SAN DIEGO — Central Christian Church, at 2nd Avenue and Fir Street, is a church on the edge--not only of downtown, but between yesterday and tomorrow.
The church, one of five downtown, celebrated its 100th anniversary Nov. 1 and is struggling to find its place in a changing landscape of population and needs.
Central Christian has continued to be "a church which takes risks," said the Rev. Barbara Graves, senior minister.
Many of those risks are the result of social concerns:
- Since 1980, Senior Community Centers of San Diego has provided a free lunch at Central Christian for about 180 people.
The federally funded program offers health screenings and peer counseling, according to Anne Gillespie Brown, executive director.
"We have a positive relationship with the church and have appreciated them taking us in after the fire (the lunch program was at First Presbyterian Church until a fire destroyed the kitchen area in 1980), and working with us so closely," Brown said.
- This year, the YMCA opened the Downtown Child Care Center, sponsored by a consortium of employers (including SDG&E, Pacific Bell and Home Federal), at the church.
- The church has sponsored four refugees in cooperation with Church World Services, which brings refugees from Southeast Asia, Afghanistan, Ethiopia and the Eastern Bloc. About 150 refugees are sponsored through its offices each month, said director Do Thien.
- Harbor View Medical Center operates a drug rehabilitation program at the church three times a week for adolescents who have had a problem with chemical dependency. For the past 1 1/2 years, about 170 people have attended the free "after care" program.
The church's desire to serve the community, said Graves, "comes from understanding Christ's ministry. In (Christ's) first sermon, he spoke of 'good news' to the poor, the release of all captives, giving sight to the blind and setting at liberty those who are oppressed. So we feel that sharing the good news means being socially active as well as spiritually aware. We try to balance social activism with spiritual life."
Playing host to the various community services, she said, is "a building ministry. The church subsidizes the organizations, sits on their boards, and in exchange, the groups make donations and contribute for the cost of utilities."
The church is always looking for new ways to serve the community, said Graves, who was appointed a year ago and is the only female minister in San Diego's 13 Christian Churches (Disciples of Christ).
Also helping to shape Central's future the past year was the Rev. Dave Barnes, who was sent by the church's national office in Indianapolis to serve as "revitalization minister." His term ended earlier this month.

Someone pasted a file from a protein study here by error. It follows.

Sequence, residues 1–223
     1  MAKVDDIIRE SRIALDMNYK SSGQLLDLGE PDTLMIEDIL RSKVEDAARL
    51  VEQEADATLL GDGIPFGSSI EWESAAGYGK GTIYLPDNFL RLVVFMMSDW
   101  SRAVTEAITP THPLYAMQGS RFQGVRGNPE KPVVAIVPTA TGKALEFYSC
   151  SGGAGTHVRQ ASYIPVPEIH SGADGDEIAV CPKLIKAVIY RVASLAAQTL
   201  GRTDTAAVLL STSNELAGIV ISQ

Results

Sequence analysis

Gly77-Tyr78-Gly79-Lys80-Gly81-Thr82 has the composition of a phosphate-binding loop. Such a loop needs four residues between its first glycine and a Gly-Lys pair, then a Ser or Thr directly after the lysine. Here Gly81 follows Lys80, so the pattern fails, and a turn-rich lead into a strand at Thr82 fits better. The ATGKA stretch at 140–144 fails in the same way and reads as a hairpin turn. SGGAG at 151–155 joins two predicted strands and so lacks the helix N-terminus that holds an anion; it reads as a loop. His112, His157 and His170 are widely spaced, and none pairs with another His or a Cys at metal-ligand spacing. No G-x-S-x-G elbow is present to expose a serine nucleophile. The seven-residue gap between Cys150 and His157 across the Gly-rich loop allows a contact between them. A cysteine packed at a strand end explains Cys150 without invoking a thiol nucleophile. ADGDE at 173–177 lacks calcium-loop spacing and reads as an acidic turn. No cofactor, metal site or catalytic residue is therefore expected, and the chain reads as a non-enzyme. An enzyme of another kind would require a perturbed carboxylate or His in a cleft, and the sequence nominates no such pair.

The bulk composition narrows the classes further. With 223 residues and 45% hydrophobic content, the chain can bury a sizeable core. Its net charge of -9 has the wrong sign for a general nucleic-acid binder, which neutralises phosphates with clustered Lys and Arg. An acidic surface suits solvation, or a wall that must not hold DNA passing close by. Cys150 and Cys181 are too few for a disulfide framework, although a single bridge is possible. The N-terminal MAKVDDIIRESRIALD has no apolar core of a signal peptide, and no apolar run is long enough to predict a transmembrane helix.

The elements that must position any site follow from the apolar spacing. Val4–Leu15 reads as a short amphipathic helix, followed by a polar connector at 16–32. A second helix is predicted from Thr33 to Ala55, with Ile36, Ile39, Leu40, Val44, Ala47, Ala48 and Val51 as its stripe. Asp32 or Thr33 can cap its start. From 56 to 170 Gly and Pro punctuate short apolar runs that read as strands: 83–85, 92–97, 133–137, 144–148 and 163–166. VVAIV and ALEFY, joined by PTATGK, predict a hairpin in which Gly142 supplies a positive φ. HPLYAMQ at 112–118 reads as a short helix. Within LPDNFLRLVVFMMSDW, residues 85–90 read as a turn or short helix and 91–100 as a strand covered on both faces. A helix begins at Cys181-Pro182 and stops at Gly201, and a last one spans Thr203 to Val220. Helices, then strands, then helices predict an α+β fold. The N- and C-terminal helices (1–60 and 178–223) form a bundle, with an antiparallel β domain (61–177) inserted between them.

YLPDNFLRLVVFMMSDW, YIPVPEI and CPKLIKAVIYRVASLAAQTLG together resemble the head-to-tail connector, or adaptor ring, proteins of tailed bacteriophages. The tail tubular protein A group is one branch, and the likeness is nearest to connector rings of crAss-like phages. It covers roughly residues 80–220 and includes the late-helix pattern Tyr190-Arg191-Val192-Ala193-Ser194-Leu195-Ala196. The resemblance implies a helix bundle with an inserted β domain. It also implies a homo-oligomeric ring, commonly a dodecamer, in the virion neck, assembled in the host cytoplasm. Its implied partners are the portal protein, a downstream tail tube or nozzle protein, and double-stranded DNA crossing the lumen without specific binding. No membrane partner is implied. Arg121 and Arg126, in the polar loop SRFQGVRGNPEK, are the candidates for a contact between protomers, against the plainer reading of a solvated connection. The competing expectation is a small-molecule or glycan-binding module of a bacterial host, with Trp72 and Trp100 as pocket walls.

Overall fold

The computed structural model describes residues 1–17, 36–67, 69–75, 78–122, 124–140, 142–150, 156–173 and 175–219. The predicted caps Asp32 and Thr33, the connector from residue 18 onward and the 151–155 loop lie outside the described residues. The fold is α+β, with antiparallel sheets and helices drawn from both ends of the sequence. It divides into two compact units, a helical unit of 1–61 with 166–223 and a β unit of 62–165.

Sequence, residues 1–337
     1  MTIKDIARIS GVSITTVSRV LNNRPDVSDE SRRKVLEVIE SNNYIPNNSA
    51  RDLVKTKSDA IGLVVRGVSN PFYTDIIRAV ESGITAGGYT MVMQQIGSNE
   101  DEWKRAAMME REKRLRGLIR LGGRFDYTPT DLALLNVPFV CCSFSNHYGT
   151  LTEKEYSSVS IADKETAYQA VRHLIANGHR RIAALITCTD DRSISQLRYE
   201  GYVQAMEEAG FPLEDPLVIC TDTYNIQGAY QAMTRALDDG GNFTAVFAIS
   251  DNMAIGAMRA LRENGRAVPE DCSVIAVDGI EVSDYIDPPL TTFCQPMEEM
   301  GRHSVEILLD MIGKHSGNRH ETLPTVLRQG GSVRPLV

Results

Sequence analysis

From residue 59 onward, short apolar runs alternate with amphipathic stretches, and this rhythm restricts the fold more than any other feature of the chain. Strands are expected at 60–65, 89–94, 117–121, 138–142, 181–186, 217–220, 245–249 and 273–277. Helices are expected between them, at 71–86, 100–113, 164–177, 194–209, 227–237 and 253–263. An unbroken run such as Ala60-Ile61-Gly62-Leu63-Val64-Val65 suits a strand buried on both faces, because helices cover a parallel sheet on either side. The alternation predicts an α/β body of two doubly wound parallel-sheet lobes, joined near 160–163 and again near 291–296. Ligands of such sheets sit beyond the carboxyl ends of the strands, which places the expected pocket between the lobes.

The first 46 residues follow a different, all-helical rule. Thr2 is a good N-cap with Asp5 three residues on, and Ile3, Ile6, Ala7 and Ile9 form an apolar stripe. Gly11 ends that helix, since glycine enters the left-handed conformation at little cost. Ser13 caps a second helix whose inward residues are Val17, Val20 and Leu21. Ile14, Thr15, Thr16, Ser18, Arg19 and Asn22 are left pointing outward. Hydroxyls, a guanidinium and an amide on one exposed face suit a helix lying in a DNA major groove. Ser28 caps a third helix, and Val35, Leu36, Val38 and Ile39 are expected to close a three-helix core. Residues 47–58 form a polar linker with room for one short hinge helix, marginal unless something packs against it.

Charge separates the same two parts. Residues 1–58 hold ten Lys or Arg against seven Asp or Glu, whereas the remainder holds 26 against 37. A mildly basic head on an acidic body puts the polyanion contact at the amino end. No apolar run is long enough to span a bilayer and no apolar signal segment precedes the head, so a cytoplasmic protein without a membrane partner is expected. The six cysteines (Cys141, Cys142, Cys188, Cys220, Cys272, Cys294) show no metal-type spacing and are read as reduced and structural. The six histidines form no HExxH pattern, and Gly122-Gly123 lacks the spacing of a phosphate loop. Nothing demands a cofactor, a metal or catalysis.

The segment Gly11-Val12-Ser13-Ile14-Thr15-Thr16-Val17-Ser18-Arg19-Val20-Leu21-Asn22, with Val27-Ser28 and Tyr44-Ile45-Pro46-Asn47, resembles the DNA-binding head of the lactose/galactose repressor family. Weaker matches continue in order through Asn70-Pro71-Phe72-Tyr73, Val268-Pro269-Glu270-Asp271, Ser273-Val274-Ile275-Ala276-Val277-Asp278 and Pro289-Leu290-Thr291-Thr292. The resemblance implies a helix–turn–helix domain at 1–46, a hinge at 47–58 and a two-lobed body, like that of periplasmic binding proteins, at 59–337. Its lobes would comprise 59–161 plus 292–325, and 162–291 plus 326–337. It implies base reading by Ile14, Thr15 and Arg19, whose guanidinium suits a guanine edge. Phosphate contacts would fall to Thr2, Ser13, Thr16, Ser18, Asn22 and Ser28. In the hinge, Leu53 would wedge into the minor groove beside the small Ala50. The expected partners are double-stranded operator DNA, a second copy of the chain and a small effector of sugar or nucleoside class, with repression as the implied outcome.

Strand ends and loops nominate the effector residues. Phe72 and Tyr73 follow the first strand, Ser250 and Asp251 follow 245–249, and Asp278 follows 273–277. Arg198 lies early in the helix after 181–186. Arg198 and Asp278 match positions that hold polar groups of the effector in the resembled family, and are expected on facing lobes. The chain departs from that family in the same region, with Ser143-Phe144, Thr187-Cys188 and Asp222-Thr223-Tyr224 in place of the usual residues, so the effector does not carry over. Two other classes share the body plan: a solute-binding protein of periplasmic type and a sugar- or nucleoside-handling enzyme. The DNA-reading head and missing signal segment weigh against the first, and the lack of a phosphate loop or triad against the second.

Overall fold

"Our building is probably the most used of all San Diego church buildings," Barnes said. "We did even have a Spanish speaking church using our space as well, until just recently, when they were able to go into their own church building. The congregation is very pleased we are able to use our building in this way."
Barnes said he was at Central "to discover what works and doesn't in a downtown church. We are reaching out, but in a non-threatening way." For example, Friday afternoon socials, called Jonah's Hour (non-alcoholic get-togethers to draw the local community into the church) were begun during his term. Although the program is coming to an end, the social hours may be revised and offered later, Barnes said.
He said the church has also tried to work in partnership with the other downtown churches, including St. Joseph's Cathedral, First Lutheran Church, First Presbyterian Church, and Cathedral Church of St. Paul's (Episcopal) and First United Methodist Church in Mission Valley.
As a result, downtown ministers now meet monthly to explore ways to share resources and tackle common problems.
"All the downtown churches have suffered attrition--people moving away from the center of town and other churches beginning in the suburbs," said the Rev. Paul Pullman, senior minister at First Presbyterian Church.
"The constituency in this area consists of two kinds of people not in the suburbs--the street people and the retired seniors who live in high-rises. Six (buildings) are in a three-block radius of four churches."
"The Senior Community Center still has its offices in First Presbyterian, though the lunch program is at Central. This lunch program is a significant contribution. If the seniors had to provide their own facility, it would cost one-half million dollars.
"All the churches downtown have tried to do something about the street people. The Lutheran Church has Bread Day and they used to permit people to sleep on the veranda, until it posed a security problem.
"First Presbyterian has the LADLE Fellowship. We feed 400 street people a hot meal every Sunday.
"We also want to meet the needs of the people who have moved into the condominiums. "All the downtown churches want to be sensitive to the changing needs and people downtown," said Pullman.